Strike that. The real question is how much do you think the same box can pay, as in future sales? With a generation of future customers?
This is an excellent time to pick up the phone and call your local high school’s food arts teacher or culinary instructor. They’re starting to drift back to school now to complete their yearly planning. Their format is finalized in this brief window, right before students return.
I know. Just the phrase “school’s starting” can generate a collective moan.
However, this can be a positive time for you as a produce professional. Culinary educators at every level love to get the phone call or in-person visit from the local produce manager, offering to provide a brief, fresh produce seminar to their students.
Representatives from the food industry are always welcomed by food arts teachers. Even if you can only provide a once-a-semester session to one class, many schools will accommodate your work schedule and even invite multiple classes to attend. You’ll impress the teacher. It isn’t often that a seasoned produce manager gets offers to be a guest speaker.
While the time spent may be questionable to some managers, you’ll be amazed at how eager students are to learn about produce.
And you’re just the person to share the knowledge.
In a typical visit to a home economics class, consider loading up an empty banana box or two of produce.
You might bring samples of familiar items, but it’s more fun to throw in items that students may not be as familiar with, such as anise, jicama or lychee nuts. Funding for school programs is usually tight, so the produce that you provide at no cost will be especially appreciated by your host.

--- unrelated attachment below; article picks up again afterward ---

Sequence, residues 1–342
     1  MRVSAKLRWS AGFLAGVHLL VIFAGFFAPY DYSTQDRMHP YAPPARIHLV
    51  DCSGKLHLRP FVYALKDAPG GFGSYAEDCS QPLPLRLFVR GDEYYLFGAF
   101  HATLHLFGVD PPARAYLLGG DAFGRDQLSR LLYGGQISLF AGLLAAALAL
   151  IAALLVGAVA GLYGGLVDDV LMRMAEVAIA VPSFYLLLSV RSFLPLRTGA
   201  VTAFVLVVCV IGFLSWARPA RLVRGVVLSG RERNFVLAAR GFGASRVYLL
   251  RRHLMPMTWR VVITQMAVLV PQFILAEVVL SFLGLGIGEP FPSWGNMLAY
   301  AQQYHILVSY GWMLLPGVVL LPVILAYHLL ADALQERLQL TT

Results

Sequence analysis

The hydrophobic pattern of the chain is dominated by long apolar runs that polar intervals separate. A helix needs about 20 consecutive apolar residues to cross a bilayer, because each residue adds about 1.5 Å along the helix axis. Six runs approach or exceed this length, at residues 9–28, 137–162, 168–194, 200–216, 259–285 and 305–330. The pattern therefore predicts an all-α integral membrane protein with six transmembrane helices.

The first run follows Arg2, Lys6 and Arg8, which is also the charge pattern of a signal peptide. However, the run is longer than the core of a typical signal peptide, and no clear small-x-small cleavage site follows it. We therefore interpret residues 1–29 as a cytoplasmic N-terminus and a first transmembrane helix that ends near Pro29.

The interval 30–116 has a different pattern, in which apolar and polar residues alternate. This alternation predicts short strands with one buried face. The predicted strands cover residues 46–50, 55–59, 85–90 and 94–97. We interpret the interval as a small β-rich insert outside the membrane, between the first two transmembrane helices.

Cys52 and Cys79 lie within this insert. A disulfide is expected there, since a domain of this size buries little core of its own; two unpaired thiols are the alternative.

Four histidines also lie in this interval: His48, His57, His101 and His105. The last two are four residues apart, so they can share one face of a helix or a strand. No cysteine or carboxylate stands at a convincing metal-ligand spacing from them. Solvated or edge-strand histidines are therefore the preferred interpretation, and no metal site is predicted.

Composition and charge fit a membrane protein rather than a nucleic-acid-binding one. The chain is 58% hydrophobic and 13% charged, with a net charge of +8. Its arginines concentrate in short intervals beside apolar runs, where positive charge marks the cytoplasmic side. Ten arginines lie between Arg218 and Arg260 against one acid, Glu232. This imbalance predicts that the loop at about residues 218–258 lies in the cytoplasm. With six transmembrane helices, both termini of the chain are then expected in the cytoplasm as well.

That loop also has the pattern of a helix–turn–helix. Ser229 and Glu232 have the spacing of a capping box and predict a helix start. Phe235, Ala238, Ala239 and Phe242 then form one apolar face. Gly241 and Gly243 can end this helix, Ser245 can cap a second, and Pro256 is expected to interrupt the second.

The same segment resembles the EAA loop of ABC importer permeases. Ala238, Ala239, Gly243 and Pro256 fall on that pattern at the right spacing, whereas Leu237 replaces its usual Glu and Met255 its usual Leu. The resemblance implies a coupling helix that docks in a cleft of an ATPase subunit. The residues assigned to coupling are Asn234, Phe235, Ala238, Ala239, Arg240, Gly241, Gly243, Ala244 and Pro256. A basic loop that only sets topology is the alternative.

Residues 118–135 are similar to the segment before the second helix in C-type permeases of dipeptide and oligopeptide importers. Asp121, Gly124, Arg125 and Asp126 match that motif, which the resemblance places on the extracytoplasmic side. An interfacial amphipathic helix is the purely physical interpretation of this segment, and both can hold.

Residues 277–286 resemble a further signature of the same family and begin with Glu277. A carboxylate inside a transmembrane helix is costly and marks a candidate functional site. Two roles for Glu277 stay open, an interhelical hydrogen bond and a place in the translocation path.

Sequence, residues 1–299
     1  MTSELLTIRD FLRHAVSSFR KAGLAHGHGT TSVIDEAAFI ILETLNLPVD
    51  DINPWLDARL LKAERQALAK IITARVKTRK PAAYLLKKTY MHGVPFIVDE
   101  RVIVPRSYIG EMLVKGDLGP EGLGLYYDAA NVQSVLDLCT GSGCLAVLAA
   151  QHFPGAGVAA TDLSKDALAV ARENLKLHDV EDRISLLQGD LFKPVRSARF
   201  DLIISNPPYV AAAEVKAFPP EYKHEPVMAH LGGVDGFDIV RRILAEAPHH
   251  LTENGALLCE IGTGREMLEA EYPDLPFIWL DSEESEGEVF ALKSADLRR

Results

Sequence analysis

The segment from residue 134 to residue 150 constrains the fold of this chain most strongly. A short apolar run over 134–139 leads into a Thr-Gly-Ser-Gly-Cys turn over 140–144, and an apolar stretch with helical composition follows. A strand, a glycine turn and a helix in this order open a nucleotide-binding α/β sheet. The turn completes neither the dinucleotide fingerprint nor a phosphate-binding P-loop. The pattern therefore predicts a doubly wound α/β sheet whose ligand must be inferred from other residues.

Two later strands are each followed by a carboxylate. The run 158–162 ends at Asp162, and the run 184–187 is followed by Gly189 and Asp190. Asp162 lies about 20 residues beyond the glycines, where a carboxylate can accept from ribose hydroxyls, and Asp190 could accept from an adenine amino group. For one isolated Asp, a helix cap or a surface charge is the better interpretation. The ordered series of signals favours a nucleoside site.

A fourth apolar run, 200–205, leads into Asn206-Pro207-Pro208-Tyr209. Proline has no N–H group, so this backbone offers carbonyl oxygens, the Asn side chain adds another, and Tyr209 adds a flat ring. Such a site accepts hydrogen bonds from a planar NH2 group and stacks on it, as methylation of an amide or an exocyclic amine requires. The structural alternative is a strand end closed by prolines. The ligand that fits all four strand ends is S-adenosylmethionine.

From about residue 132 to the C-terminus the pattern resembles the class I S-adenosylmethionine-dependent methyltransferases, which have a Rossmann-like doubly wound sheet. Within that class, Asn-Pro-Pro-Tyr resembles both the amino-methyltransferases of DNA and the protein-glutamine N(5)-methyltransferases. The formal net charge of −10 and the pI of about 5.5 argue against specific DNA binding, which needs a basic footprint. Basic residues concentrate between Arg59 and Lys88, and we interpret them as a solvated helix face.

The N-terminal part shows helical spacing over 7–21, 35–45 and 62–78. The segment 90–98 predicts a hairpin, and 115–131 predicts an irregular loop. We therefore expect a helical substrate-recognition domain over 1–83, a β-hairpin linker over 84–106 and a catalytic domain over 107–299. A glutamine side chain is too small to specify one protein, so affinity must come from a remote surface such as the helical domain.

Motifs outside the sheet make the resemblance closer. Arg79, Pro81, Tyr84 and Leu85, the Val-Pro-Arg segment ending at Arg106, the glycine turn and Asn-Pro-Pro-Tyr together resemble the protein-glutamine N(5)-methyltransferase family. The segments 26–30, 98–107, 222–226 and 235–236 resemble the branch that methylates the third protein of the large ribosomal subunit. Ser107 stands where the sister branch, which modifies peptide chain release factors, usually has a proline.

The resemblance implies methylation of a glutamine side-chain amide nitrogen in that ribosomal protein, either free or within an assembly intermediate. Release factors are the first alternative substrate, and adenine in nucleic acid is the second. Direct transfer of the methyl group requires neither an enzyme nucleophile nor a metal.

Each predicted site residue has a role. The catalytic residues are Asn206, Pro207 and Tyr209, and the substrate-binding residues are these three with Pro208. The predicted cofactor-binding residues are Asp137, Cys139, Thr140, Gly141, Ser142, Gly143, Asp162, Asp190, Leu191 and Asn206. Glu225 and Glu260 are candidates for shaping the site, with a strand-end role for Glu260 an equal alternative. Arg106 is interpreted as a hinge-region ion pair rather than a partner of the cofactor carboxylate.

Sure, you’ll be there to teach a few produce basics: Produce identification and use, and how to tell when something is ripe, among other points. And you’ll want to bring enough of whichever produce item you intend to sample. Depending on what part of the school year you present, you might consider centering on what’s seasonal for that time of year. Students will pepper you with a lot of questions: where things are from, differences between apple varieties or simply when pomegranates are in season.
However, more than the opportunity to share your produce knowledge is the glorious chance to be a goodwill ambassador from your store and chain. So as the students become heavier purchasers, they’ll remember you — and consider where they want to shop.
That box of produce could very well pay off for years to come.
Armand Lobato works for the Idaho Potato Commission. His 30 years of experience in the produce business span a range of foodservice and retail positions.
What's your take? Leave a comment and tell us your opinion.